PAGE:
Extremity - Coffin Birth - (8/10)

Published on July 12, 2018


  1. Coffin Birth / A Million Witches
  2. Where Evil Dwells
  3. Grave Mistake
  4. Umbilicus
  5. For Want of a Nail
  6. Occision
  7. Like Father like Son
  8. Misbegotten / Coffin Death




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Spewing forth form the coffin like a creepy little character out of a comic book is Extremity’s first full length album, Coffin Birth. If you’re wondering what the hell I’m talking about, take a look at the artwork and that little weird fella who is being born on it. In addition to him we’ve got a couple zombies and a naked woman. It’s kind of a grab-bag of random death metal clichés. And it’s not good. If you were going to judge a book by its cover (or in this case an album), Extremity would not be getting a good review. Fortunately, we’re not judging the ill-advised cover artwork, we’re covering the super-solid death metal album it houses!



Extremity is an underground supergroup of sorts, featuring members of some very well-known and respected underground bands. Helming the drumkit is Aesop Dekker (ex-Agalloch, ex-Ludicra, Vhol); on guitars we’ve got Shelby Lermo (Vastum); and on guitars and vocals, we’ve got Marissa Martinez-Hoadley (Cretin). That is a formidable threesome of humans who play metal music! They released a really good mini-LP/EP in 2017 that got everyone excited for what they would do next (also with one of the best titles ever—“Extremely Fucking dead”). Well, just over 20 minutes of music was not enough for this estimable trio, so here we are with their first full length, Coffin Birth.


This is some straightforward thrashing death metal for the most part, a really fun album even if it’s not top shelf. First off, there’s a punky attitude to this album, which I imagine is due to Mr. Dekker and MMH, Dekker being known to infuse a punk ethos into his drum playing, an MMH being in a Repulsion worship band. MMH’s vocals are blunt, gruff, and really don’t change much. They’re like a sledgehammer just beating into your wall over and over again, except in this case it is your eardrums. MMH’s bark comes across as a mix between traditional death metal vox with just a sprinkle of hardcore dropped in. They suit the straightforward aesthetic of the album and come across as totally vicious.

“Vicious” is a good way to describe the instrumentals as well. The instrumental performances are aggressive as all hell. Guitars and drums go balls out the entire time. Dekker’s drum performance is what lends most of the nuance to the album. Per previous performances, Dekker is not content to just hammer away at his drum kit—though that is what he does for much of the run time. He also utilizes some subtle cymbal work throughout that is a very nice touch. It doesn’t fully fit with the pummeling vocals and guitars, but the fact that it doesn’t fit is what makes it so cool. Overall his drum sound seems to be fuller than it is on many albums he is on, giving added force to his use of toms and bass drums.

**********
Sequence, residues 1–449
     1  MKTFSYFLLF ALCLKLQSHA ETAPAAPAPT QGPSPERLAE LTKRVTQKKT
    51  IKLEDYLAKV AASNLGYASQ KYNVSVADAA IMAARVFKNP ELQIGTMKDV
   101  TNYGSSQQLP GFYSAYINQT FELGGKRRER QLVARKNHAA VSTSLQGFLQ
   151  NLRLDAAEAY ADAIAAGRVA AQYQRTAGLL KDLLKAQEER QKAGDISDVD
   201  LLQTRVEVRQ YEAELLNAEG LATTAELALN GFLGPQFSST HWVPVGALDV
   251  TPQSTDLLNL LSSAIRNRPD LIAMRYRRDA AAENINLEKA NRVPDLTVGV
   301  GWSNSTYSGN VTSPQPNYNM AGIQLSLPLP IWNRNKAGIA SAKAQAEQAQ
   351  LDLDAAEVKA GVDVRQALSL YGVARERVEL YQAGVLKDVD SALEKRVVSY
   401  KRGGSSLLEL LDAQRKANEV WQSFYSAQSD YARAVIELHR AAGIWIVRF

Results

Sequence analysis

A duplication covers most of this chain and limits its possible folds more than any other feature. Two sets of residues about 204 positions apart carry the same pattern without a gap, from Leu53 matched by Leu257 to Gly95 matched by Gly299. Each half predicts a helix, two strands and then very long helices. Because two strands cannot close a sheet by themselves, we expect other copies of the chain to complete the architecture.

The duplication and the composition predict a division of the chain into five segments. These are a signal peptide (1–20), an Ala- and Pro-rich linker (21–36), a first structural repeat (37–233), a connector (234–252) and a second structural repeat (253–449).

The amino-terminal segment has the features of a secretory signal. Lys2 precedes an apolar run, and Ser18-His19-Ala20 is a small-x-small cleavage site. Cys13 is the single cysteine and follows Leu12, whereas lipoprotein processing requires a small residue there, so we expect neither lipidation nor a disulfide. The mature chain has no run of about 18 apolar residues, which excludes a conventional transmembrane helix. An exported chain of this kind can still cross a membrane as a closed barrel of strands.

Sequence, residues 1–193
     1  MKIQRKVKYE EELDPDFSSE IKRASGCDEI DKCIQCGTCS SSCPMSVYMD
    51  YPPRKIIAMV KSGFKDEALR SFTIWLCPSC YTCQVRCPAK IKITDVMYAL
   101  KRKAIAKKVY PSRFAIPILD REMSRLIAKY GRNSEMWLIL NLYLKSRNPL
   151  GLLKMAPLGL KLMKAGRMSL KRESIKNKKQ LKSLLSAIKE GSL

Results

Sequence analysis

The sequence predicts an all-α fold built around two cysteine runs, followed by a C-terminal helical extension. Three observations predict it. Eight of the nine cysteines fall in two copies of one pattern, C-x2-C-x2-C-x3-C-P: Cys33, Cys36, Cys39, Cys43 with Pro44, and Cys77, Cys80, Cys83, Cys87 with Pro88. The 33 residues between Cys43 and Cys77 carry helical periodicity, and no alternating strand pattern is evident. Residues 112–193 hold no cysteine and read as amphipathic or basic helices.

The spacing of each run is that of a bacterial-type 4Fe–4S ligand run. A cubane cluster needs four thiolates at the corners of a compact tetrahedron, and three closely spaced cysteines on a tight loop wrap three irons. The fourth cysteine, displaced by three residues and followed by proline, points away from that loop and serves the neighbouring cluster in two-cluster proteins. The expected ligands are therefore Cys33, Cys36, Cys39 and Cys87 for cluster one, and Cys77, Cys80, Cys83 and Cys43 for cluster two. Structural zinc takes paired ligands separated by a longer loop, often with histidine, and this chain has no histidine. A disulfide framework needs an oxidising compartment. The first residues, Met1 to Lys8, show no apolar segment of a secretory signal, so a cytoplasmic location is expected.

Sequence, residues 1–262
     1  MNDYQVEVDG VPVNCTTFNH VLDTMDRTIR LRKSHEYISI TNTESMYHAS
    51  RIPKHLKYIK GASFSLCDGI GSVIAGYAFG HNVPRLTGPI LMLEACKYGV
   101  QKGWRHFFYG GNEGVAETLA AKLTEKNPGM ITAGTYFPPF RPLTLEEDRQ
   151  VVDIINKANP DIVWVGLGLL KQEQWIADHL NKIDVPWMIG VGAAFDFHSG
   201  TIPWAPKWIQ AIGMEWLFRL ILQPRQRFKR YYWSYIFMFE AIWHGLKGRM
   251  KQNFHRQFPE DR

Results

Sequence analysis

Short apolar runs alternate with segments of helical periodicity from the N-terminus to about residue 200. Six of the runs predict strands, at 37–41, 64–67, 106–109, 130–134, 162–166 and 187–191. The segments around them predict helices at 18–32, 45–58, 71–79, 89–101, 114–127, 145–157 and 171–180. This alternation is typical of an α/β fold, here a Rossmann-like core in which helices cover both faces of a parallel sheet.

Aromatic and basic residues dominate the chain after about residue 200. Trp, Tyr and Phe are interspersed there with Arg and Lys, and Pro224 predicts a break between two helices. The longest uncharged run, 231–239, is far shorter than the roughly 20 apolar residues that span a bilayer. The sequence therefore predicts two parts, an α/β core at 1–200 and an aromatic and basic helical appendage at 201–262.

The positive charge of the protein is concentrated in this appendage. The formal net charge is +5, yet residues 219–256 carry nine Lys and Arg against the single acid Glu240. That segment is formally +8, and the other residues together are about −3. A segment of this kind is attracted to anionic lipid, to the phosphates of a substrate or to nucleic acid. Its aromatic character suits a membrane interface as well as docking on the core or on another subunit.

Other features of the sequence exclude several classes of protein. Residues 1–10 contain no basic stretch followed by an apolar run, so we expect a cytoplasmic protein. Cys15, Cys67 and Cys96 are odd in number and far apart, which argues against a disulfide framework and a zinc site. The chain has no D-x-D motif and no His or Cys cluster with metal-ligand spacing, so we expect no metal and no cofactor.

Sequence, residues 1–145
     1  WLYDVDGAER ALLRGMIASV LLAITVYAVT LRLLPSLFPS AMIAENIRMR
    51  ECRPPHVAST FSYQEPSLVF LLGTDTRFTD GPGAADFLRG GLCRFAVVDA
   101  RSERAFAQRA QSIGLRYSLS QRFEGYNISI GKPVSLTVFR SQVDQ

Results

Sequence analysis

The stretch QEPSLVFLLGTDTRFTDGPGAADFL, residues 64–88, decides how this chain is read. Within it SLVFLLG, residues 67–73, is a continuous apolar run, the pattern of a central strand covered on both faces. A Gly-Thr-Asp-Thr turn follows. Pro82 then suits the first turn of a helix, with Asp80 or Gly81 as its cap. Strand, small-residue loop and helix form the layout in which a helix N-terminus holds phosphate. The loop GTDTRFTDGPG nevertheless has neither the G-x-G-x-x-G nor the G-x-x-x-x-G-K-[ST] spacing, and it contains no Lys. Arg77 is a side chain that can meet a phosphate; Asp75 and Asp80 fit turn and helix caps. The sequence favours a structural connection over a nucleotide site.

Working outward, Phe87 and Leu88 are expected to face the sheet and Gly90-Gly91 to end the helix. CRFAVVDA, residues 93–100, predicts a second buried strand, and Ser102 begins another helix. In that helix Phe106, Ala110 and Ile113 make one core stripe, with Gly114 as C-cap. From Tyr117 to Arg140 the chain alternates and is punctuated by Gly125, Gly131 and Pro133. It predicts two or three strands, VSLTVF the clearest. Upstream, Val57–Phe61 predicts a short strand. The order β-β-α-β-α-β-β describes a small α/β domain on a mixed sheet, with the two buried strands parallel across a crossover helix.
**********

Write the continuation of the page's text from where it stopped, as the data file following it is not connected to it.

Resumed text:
Guitars are huge and have an excellent tone that really shines through on tremolo riffs especially. Given Lermo’s other band, this makes sense, but the riffs are pretty reminiscent of Vastum and Bolt Thrower, and I imagine fan’s of Necrot’s 2017 full length will also be pleased. The guitar playing is heavily influence by Bolt Thrower—lots of mid-paced stuff, lots of riffs broken up by hammer-on-pull-off type stuff. It’s definitely faster than latter-day Bolt Thrower for the most part, though, more resembling the earlier stuff before BT fell into a groove that they never escaped from. The guitar interplay is great. Not in like a “twin guitar attack” type of way—it’s subtler than that. For example, on some of the tremolo riffs, the guitars are just ever so slightly off of each other. Whether that was intentional or not, it gives the riffs a freewheeling, natural feel that comes across excellently. Some of the grooves are just infectious, too. “Like Father Like Son” being the prime example. The intro finds Lermo and MMH groovin’ out while Dekker does his best post-punk cum death metal impression in the back.



One aspect of the album I’m not sure about are the weirdo flourishes that the band throws in. For the most part this is a straight-up bruiser of a DM album. But then there’s the organ that opens the album. The random acoustic guitar lick in the middle of a riff in “For Want of a Nail.” The acoustic intro to “Misbegotten/Coffin Death.” Are these flourishes necessary? More power to the band for trying to add in some weird stuff to differentiate themselves, but I’d argue that no, they are not necessary. They’re not necessarily bad, but I think they detract a little from the aggressive vibe of the rest of the album and sound incongruous.


Overall this is a really solid album, but it never quite puts itself above the sounds of its peers. For people who want this type of stuff, Vastum and Necrot are both doing it better right now. Though this album is fun while the ride lasts, there is nothing about the album that really plants its flag and says “here we are, this is our territory,” like other DM bands playing this style do. And that’s OK!  That doesn’t mean that this album isn’t worth it,  because it is an action-packed thrill ride through some good old no-holds-barred death metal.

Author: Aaron Sedlar

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